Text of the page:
He is sometimes called the “Walt Disney of Japan”, but he hates that title.
Hayao Miyazaki is one of Japan’s greatest animation directors. The entertaining plots, compelling characters, and breathtaking animation in his films have earned him international renown from critics as well as public recognition within Japan. The Walt Disney Company’s commitment to introduce the films to the rest of the world will let more people appreciate the high-quality works he has given the movie-going public.
Hayao Miyazaki was born in Tôkyô on January 5, 1941. He started his career in 1963 as an animator at the studio Toei Douga studio, and was subsequently involved in many early classics of Japanese animation. From the beginning, he commanded attention with his incredible drawing ability and the seemingly endless stream of movie ideas he proposed. He allows no more than 10% of footage in his films to be computer generated.
Hayao Miyazaki and Totoro
|Date of Birth||5 January 1941, Tokyo, Japan|
|Nickname||the Japanese Walt Disney|
|Height||5′ 4½” (1.64 m)|
In 1971, he moved to the A Pro studio with Isao Takahata, then to Nippon Animation in 1973, where he was heavily involved in the World Masterpiece Theater TV animation series for the next five years. In 1978, he directed his first TV series, Mirai shônen Konan (1978) (Conan, The Boy in Future), then moved to Tôkyô Movie Shinsha in 1979 to direct his first movie, the classic Rupan sansei: Kariosutoro no shiro (1979). In 1984, he released Kaze no tani no Naushika (1984), based on the manga (comic) of the same title he had started two years before. The success of the film led to the establishment of a new animation studio, Studio Ghibli (Sutajio Jiburi), at which Miyazaki has since directed, written, and produced many other films with Takahata and, more recently, Toshio Suzuki. All of these films enjoyed critical and box office successes. In particular, Miyazaki’s Mononoke-hime (1997) received the Japanese equivalent of the Academy Award for Best Film and was the highest-grossing (about USD$150 million) domestic film in Japan’s history at the time of its release.
In addition to animation, Miyazaki also draws manga. His major work was the Nausicaä manga, an epic tale he worked on intermittently from 1982 to 1984 while he was busy making animated films. Another manga, Hikoutei Jidai, was later evolved into his 1992 film Kurenai no buta (1992).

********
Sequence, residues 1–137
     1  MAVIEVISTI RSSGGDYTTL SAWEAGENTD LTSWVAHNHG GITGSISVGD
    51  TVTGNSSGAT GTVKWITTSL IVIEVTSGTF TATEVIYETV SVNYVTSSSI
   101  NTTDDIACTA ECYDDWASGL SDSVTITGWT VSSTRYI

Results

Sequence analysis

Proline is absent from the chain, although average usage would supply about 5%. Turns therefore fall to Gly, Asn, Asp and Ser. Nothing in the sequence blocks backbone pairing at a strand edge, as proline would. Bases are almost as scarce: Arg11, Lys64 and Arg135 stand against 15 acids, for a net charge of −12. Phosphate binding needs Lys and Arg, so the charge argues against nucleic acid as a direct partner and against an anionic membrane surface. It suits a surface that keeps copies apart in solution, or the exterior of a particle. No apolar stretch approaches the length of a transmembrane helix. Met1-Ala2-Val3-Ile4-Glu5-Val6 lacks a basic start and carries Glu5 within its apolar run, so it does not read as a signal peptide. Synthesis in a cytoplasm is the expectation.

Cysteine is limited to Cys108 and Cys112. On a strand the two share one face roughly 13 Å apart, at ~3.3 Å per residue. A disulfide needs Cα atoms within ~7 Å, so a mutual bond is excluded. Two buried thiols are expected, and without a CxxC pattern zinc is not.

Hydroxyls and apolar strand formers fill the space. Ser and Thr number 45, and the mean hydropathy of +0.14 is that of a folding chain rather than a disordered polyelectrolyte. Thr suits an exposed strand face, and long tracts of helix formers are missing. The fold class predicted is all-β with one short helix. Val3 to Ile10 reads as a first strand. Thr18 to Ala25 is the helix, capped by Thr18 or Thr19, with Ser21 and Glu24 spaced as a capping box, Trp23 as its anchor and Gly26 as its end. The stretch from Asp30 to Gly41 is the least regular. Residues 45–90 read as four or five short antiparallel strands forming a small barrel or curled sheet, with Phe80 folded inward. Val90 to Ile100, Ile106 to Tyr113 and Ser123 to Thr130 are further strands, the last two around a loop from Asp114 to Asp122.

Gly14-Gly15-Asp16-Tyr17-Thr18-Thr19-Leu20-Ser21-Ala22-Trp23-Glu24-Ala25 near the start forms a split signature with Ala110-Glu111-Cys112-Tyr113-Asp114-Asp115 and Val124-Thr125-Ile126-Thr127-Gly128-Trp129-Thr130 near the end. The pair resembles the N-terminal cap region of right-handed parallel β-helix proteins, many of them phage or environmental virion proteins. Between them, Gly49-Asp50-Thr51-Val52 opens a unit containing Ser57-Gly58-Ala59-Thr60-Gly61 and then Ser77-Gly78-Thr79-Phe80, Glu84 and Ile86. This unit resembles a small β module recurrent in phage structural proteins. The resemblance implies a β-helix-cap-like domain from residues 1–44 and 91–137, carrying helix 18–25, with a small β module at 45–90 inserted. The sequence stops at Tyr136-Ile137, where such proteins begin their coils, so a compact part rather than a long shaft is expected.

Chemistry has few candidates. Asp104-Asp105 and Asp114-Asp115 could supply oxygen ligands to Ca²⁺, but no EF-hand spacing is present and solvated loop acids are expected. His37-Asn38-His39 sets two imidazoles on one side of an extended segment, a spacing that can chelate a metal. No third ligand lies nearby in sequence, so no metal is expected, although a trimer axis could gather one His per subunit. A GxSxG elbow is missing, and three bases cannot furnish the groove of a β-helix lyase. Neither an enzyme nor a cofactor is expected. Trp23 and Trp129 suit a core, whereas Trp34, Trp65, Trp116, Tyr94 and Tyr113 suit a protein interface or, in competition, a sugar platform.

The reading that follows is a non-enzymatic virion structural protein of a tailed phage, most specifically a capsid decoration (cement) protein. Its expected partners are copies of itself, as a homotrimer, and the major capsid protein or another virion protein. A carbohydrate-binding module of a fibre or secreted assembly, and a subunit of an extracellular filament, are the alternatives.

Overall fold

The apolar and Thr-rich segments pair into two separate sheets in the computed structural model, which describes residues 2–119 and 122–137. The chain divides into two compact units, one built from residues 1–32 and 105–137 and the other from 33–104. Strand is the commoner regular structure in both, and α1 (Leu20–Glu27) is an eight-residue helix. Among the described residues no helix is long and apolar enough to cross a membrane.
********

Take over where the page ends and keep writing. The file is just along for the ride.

Miyazaki’s latest film is Hauru no ugoku shiro (2004), based on the novel by Diana Wynne Jones. Even though he has said this would be at last film, a statement he has said before after the completion of some of his earlier films, one hopes that additions to his extraordinary body of work will continue to be produced as long as he remains alive.
|1979||The Castle of Cagliostro|
|1984||Nausicaa of the Valley of the Wind|
|1986||Castle in the Sky|
|1988||My Neighbor Totoro|
|1989||Kiki’s Delivery Service|
|1995||Whisper of the Heart|
|On Your Mark|
|2002||Koro’s Big Day Out|
|Mei and the Kittenbus|
|Imaginary Flying Machines|
|The Cat Returns|
|2004||Howl’s Moving Castle|
|2006||Monmon the Water Spider|
|The Day I Harvested a Planet|
|2010||Mr. Dough and the Egg Princess|
|The Secret World of Arrietty|
|2011||From Up on Poppy Hill|
|2013||The Wind Rises|
The majority of the characters he creates are based on real people in his life.
Miyazaki’s said Totoro “(is) not a spirit: he’s only an animal. I believe he lives on acorns. He’s supposedly the forest keeper, but that’s only a half-baked idea, a rough approximation.” The character of Mei was modeled on Miyazaki’s niece.
(source: imdb.com & Wikipedia )